Now more than ever, parents must monitor their children’s internet activity – teens included.
Many kids are hooked on social networking sites such as MySpace, Twitter and Facebook, but most are unaware of the dangers associated with the Internet and these various Web sites.
Below are some important internet safety tips for kids and parents:
Rules – Start by creating a list of Web sites that your child is allowed/not allowed to visit. Set time limits on internet usage, especially if the child is home without adult supervision for any period of time.
Monitor your child’s messages by sharing an email account. Gmail makes this especially easy.
Networking Sites – Monitor usage on social networking sites. Don’t be afraid to be nosy. You should have your child’s password and you should check up on them frequently.
Supervise Usage – By keeping the computer in a common area such as the den or living room, children are forced to be more careful and parents can keep an occasional eye on usage.
You can bring up your "cookies" function, or internet history tab, to reveal the Web sites which have been recently visited by your children.
Lastly there is available software that will let you know exactly what your child has been up to online and that will also help to keep your child safe online.
School Internet Use – An increasing number of children get online at school. Talk to your child’s school, or anyplace where kids could use a computer without your supervision, to find out if their internet activity is monitored and to what extent.
Talk To Your Kids – Find out what Web sites your child visits and who they chat with online. It is important to keep an open line of communication so your child feels comfortable talking to you about what they see and do online.
Personal Information – Remind your child to never give out personal information such as a photo, their name, home address, and school name or telephone number in a chat room or on a message board (this also includes passwords).
Internet Safety Laws
The Children’s Online Privacy Protection Act (COPPA) was created to help protect kids online. The law is designed to keep anyone from obtaining a child’s personal information without a parent knowing about it and agreeing to it first. Read up on it, understand it and explain it to your kids.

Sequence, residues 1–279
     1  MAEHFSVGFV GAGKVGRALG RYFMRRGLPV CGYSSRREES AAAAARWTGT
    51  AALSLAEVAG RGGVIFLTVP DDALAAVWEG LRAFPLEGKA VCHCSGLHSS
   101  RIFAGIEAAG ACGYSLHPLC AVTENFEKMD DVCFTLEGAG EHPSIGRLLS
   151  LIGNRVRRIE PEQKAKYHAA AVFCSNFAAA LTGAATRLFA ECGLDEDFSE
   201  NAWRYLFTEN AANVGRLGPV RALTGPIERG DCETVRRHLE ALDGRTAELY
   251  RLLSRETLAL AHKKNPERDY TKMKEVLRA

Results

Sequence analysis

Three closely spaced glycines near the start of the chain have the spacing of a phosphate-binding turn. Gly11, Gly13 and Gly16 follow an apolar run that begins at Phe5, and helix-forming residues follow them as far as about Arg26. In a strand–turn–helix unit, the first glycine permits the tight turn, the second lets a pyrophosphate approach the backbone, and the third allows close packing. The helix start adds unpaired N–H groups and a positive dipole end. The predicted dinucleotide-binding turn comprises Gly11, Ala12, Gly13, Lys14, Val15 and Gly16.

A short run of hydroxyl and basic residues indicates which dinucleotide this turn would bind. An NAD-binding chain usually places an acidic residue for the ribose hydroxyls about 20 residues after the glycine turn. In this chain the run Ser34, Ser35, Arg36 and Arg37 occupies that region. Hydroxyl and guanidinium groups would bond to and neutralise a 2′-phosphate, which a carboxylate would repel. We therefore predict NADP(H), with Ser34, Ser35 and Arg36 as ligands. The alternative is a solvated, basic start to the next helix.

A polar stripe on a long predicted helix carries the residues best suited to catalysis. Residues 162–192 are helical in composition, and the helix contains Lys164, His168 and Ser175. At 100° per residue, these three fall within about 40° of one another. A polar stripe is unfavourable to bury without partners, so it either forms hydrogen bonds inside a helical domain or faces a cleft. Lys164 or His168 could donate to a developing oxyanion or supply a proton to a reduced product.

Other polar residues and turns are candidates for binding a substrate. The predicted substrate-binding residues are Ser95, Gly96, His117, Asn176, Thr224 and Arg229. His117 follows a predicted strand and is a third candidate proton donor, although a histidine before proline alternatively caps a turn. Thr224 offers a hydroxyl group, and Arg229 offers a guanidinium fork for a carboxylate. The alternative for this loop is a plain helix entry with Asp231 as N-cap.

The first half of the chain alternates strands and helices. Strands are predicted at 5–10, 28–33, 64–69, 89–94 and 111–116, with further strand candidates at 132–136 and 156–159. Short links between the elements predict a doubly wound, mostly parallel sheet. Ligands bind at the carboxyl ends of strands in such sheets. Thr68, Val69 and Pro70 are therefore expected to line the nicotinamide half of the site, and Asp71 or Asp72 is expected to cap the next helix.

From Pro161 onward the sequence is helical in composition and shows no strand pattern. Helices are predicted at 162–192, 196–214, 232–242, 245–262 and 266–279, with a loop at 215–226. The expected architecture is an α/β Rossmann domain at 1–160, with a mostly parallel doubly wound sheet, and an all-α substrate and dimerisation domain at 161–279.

Passed in 1996, The Communications Decency Act (CDA) represents Congress’s first attempt to regulate children’s access to sexually explicit material on the Internet. The CDA made it illegal to put “indecent” content on the Internet where kids could find it.
More internet safety laws are outlined here.
Online Predators: Warning Signs
Warning signs that a child may be targeted by an online predator include long hours online, especially late at night, phone calls from unknown people, or unsolicited gifts and packages.
If your child turns off the computer when you enter the room, ask why and monitor their usage on the computer more closely. Reluctance when asked to discuss their online activities and withdrawal from family life are more signs to watch for.
Your local law enforcement agency or the FBI should be contacted if your child has received pornography via the Internet or has been the target of an online sex offender.
Obscene or threatening messages you or your kids get should be forwarded to your Internet service provider.
A new study by Crimes Against Children Research Center finds dramatic growth nationwide in arrests of online predators who solicited law enforcement investigators posing online as juveniles, the numbers nearly quintupling from 644 in 2000 to 3,100 in 2006.
Law enforcement officials estimate that as many as 50,000 sexual predators are online at any given moment (Dateline, 2006).
One in five teens in the U.S. has received at least one unwanted sexual solicitation via the internet. Solicitations are defined as requests to engage in sexual talk or activities.
A startling 75 percent of children are willing to share personal information online.
Nearly 40,000 verified registered sex offenders have MySpace profiles – and those are just the ones who have used their real names to register. #